Detecting Malicious Code by Model Checking (bibtex)
by Johannes Kinder, Stefan Katzenbeisser, Christian Schallhart, Helmut Veith
Abstract:
The ease of compiling malicious code from source code in higher programming languages has increased the volatility of malicious programs: The first appearance of a new worm in the wild is usually followed by modified versions in quick succession. As demonstrated by Christodorescu and Jha, however, classical detection software relies on static patterns, and is easily outsmarted. In this paper, we present a flexible method to detect malicious code patterns in executables by model checking. While model checking was originally developed to verify the correctness of systems against specifications, we argue that it lends itself equally well to the specification of malicious code patterns. To this end, we introduce the specification language CTPL (Computation Tree Predicate Logic) which extends the well-known logic CTL, and describe an efficient model checking algorithm. Our practical experiments demonstrate that we are able to detect a large number of worm variants with a single specification.
Reference:
Detecting Malicious Code by Model CheckingJohannes Kinder, Stefan Katzenbeisser, Christian Schallhart, Helmut VeithGI SIG SIDAR Conference on Detection of Intrusions and Malware & Vulnerability Assessment (DIMVA'05) (Klaus Julisch, Christopher Krügel, eds.), volume 3548 of Lecture Notes in Computer Science, pages 174-187, July 2005, Springer.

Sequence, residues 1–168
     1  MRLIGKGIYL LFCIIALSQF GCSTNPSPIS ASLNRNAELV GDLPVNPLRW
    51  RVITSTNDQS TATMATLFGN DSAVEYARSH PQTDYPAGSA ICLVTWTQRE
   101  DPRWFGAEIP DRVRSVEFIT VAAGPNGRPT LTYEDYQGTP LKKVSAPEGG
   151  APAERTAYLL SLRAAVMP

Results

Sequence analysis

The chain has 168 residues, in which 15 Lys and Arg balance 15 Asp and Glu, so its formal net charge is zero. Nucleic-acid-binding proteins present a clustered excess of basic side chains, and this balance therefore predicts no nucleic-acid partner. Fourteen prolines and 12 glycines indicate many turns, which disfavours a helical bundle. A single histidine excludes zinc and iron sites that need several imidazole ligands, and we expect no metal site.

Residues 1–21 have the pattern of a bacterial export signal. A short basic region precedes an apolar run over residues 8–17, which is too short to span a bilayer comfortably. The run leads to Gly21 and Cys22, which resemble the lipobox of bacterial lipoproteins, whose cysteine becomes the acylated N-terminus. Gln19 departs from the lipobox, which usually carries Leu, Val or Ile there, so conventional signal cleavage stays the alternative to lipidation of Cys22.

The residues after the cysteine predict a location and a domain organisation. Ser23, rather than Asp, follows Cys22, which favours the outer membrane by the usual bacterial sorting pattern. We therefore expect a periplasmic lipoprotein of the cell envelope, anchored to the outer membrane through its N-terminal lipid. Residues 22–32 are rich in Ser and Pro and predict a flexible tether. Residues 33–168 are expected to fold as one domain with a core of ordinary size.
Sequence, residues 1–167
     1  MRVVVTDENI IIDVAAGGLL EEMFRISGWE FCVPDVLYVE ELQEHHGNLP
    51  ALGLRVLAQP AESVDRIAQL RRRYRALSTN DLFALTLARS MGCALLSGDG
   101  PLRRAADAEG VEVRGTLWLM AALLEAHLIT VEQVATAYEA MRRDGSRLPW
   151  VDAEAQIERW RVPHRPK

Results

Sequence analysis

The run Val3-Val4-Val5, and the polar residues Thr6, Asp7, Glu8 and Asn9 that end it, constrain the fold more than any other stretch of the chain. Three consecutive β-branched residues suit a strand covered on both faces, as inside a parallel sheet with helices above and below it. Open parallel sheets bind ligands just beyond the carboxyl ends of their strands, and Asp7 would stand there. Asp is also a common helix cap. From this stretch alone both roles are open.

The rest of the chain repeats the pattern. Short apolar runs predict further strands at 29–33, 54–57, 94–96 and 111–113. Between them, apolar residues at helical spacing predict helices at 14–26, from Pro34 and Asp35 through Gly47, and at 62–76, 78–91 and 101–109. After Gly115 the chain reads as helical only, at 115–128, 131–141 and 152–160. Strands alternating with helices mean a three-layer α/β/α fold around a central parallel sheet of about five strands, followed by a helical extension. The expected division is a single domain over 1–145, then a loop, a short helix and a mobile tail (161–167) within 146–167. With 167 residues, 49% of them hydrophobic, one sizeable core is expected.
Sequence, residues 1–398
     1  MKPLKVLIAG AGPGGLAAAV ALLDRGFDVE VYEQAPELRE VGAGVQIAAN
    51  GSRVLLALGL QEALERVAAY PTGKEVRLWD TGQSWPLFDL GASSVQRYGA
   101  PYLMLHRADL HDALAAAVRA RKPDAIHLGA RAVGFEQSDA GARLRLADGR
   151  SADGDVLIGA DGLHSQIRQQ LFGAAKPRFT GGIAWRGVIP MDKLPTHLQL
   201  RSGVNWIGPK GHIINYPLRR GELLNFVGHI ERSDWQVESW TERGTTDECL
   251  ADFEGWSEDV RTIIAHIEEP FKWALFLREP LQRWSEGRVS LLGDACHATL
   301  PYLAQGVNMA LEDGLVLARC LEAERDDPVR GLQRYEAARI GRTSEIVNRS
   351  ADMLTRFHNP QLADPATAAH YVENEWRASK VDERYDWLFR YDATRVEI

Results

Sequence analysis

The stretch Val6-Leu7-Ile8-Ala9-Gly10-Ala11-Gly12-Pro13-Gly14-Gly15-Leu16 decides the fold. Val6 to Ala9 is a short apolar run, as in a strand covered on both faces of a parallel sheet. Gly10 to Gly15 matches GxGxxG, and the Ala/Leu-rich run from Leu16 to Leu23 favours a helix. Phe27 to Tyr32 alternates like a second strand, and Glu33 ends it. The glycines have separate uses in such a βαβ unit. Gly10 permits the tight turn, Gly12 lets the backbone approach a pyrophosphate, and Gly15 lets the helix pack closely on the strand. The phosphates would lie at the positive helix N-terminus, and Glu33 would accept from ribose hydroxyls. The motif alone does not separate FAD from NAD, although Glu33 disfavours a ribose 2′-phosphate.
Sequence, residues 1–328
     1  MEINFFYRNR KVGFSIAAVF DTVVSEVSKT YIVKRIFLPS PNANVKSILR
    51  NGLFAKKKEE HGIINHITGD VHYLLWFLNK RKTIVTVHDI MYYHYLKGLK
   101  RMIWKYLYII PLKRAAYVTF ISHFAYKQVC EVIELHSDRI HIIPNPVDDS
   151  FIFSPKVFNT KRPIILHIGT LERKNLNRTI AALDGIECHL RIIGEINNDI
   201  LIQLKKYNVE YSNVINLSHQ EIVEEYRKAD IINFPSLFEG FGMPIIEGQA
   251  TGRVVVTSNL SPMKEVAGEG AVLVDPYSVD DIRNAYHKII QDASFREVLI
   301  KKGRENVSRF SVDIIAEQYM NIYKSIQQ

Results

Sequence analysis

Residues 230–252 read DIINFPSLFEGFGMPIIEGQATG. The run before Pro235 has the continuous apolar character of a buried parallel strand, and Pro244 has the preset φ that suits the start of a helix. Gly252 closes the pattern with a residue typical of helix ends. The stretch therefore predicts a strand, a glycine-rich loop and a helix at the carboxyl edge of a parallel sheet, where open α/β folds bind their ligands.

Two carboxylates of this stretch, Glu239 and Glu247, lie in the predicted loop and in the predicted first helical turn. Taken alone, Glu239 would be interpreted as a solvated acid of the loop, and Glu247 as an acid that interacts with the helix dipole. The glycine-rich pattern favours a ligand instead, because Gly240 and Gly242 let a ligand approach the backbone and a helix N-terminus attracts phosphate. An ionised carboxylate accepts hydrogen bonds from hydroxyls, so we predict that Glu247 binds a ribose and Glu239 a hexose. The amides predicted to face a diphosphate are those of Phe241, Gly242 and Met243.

Bibtex Entry:
@inproceedings{KinderKatzenbeisserSchallhartVeith-mcodedimva05,
  author = {Johannes Kinder and Stefan Katzenbeisser and Christian Schallhart and   Helmut Veith},
  title = {Detecting Malicious Code by Model Checking},
  month = {July},
  year = {2005},
  address = {Vienna, Austria},
  booktitle = {GI SIG SIDAR Conference on Detection of Intrusions and Malware \&   Vulnerability Assessment (DIMVA'05)},
  editor = {Klaus Julisch and Christopher Kr{\"u}gel},
  pages = {174--187},
  publisher = {Springer},
  series = {Lecture Notes in Computer Science},
  volume = {3548},
  abstract = {The ease of compiling malicious code from source code in higher
  programming languages has increased the volatility of malicious programs: The
  first appearance of a new worm in the wild is usually followed by modified
  versions in quick succession. As demonstrated by Christodorescu and Jha,
  however, classical detection software relies on static patterns, and is
  easily outsmarted. In this paper, we present a flexible method to detect
  malicious code patterns in executables by model checking. While model
  checking was originally developed to verify the correctness of systems
  against specifications, we argue that it lends itself equally well to the
  specification of malicious code patterns. To this end, we introduce the
  specification language CTPL (Computation Tree Predicate Logic) which extends
  the well-known logic CTL, and describe an efficient model checking algorithm.
  Our practical experiments demonstrate that we are able to detect a large
  number of worm variants with a single specification.},
  isbn = {3-540-26613-5},
  url = {http://dx.doi.org/10.1007/11506881\_11}
}
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